But wait, that’s not the end of the story; unlike CPAP, the drawback with OAT is fixable. Imagine if we had the capability to select for OAT only those patients whom we know in advance will experience a successful therapeutic outcome. This would make OAT a highly efficacious therapy. Thus, OAT could be as efficacious as CPAP but would have better compliance. Thus, for patients who respond favorably to the therapy, OAT will result in better outcomes than CPAP.
Selecting patients for OAT
Winter_2015_Remmers_binderAttempts to prospectively identify OSA patients who will respond favorably to OAT using clinical features or pharyngeal imaging have proved disappointing. But, an encouraging development has recently occurred with the appearance of a test, called MATRx. This polysomnographically-based mandibular titration study prospectively identifies OAT responders and predicts an efficacious protrusive position of the mandible. Because of the high predictive accuracy, the physician and dentist can be completely confident that patients identified as favorable candidates will, in fact, experience elimination of OSA with OAT. As well, the dentist knows that the prescribed protrusive position will be adequate and probably less protrusive than that reached using the traditional trial-and-error adjustment of the appliance.
A more efficient and confident dentist
MATRx is the only prospectively validated method for selecting patients for OAT and determining an efficacious mandibular position. Together, these clinical predictions convey efficiency gains for the treating dentist. First, the dentist undertakes OAT with confidence knowing that the therapy will successfully eliminate OSA. Since the dentist never treats a patient who is a therapeutic failure, the number of visits per case is substantially reduced. Moreover, patient acceptance and adherence is greater. As well, because the dentist can expeditiously set the mandible at a minimal protrusive position that eliminates OSA, efficacious OAT is quickly established, a benefit both to the patient and the dentist. As one sleep medicine dentist put it: “Every MATRx case I do is a slam dunk”.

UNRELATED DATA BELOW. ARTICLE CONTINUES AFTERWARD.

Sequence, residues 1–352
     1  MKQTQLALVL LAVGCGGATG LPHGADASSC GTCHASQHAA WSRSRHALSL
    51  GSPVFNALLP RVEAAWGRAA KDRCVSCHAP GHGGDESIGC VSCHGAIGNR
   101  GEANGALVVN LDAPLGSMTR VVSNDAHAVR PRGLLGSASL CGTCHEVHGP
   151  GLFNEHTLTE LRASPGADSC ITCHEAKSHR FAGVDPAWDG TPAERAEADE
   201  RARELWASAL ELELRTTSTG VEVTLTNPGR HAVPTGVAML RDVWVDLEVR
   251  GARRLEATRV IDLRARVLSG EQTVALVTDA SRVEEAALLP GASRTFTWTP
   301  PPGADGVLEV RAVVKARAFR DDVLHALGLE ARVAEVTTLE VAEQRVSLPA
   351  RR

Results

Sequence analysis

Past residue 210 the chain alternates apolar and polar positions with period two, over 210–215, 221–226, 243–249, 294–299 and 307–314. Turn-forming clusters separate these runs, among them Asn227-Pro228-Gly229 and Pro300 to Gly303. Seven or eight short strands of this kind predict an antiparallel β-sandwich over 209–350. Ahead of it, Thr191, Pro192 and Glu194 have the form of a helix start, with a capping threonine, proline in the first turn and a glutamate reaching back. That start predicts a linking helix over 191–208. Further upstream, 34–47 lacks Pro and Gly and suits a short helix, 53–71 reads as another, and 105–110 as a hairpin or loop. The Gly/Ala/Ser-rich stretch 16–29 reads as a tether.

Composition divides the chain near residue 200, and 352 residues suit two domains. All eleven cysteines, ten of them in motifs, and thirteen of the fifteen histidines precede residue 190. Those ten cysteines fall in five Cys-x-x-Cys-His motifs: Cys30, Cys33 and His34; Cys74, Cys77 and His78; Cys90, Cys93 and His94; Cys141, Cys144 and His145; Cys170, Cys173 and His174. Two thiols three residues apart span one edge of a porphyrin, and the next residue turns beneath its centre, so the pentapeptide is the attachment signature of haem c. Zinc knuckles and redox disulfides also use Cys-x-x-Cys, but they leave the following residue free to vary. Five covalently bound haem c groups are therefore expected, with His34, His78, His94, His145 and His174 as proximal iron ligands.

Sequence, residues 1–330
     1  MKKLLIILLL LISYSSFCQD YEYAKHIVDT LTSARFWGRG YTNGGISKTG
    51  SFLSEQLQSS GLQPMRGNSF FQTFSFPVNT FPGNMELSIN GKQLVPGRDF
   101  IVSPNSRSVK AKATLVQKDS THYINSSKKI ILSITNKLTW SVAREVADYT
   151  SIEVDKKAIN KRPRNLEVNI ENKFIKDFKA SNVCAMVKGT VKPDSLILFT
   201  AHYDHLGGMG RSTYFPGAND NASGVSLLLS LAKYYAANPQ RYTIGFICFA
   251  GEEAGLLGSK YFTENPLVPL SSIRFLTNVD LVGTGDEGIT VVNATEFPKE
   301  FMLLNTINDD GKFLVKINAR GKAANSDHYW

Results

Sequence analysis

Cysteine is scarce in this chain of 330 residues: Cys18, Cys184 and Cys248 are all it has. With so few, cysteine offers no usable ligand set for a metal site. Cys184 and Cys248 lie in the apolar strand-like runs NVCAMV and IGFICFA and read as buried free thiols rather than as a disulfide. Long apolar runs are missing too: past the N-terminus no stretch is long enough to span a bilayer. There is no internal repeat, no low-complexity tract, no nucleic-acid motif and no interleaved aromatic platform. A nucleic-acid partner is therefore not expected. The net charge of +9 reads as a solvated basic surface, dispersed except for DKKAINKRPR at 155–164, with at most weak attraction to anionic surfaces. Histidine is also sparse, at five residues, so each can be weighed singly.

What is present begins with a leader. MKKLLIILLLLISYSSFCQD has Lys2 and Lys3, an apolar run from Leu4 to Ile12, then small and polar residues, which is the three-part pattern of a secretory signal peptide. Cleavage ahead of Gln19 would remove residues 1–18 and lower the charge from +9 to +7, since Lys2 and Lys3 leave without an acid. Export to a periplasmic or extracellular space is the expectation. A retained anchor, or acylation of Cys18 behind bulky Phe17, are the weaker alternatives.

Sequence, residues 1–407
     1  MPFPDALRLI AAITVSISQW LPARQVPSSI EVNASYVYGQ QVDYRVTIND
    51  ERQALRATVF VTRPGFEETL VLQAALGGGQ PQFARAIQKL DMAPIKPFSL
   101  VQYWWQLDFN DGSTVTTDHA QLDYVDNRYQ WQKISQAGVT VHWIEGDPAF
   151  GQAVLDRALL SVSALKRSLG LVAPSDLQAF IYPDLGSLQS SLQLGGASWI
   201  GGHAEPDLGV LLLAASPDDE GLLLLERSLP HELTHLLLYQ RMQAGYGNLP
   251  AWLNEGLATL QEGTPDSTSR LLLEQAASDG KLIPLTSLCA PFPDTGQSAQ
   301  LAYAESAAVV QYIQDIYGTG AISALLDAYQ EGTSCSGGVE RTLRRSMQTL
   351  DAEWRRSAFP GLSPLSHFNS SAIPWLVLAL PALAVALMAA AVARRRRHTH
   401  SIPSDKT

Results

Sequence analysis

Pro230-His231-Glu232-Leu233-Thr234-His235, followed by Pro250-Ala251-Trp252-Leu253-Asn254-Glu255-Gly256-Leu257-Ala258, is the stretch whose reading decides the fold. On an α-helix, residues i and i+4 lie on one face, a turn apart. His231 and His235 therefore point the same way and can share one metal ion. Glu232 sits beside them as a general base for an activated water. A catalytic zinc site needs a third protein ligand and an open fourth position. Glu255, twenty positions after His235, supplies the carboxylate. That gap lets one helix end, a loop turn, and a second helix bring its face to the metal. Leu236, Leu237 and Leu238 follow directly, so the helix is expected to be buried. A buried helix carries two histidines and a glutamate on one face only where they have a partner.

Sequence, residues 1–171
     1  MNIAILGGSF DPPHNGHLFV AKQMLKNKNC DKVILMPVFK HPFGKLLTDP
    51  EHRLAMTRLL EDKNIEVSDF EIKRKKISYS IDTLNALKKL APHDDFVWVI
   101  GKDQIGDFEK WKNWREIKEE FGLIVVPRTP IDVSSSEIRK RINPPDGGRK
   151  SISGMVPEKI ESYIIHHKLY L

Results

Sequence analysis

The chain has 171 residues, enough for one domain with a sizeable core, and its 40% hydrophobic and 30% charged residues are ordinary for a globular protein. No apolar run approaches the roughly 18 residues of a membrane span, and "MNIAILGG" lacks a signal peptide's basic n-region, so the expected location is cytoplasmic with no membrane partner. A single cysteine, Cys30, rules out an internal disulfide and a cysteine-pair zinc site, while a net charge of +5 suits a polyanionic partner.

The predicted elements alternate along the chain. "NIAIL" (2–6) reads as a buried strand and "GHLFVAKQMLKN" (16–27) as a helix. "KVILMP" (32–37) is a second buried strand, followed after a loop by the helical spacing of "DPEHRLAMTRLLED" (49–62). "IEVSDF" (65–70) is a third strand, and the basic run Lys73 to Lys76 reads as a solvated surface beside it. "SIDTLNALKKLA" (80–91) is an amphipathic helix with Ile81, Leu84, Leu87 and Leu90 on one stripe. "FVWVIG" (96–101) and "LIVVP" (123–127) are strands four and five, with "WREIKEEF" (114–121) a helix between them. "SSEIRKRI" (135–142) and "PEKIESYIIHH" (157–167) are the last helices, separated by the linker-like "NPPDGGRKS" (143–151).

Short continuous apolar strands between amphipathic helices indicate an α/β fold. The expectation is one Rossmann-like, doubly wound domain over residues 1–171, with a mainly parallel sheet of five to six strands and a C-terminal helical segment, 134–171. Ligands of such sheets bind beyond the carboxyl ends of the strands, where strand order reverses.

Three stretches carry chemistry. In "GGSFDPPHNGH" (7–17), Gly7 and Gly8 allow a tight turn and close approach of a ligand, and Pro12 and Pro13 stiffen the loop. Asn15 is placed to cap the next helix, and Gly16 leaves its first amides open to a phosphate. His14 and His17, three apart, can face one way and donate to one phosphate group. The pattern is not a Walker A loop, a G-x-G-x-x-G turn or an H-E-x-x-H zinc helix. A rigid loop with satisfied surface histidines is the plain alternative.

The next breakthrough – an in-home test
Winter_2015_Remmers_houseAnd, there’s another breakthrough to come; Zephyr, the company that makes MATRx, has another breakthrough in the pipeline, one of particular importance for sleep medicine. The company is developing a home sleep test that employs a computer-controlled mandibular positioner. This test, like MATRx, identifies prospectively favorable candidates for OAT and determines a minimal protrusive position. The test apparatus can be dispensed from a dental office, a homecare provider, a sleep clinic or a general physician’s office and applied by the patient in the home. The data is automatically analyzed and provided to the physician and dentist. Early clinical trials show predictive accuracy comparable to that reported for MATRx.
So stay tuned. I believe that fantastic advances in sleep medicine are on the horizon. Patients with OSA will be provided therapeutic options, and for many, a simple oral appliance will be more effective therapy than pushing air.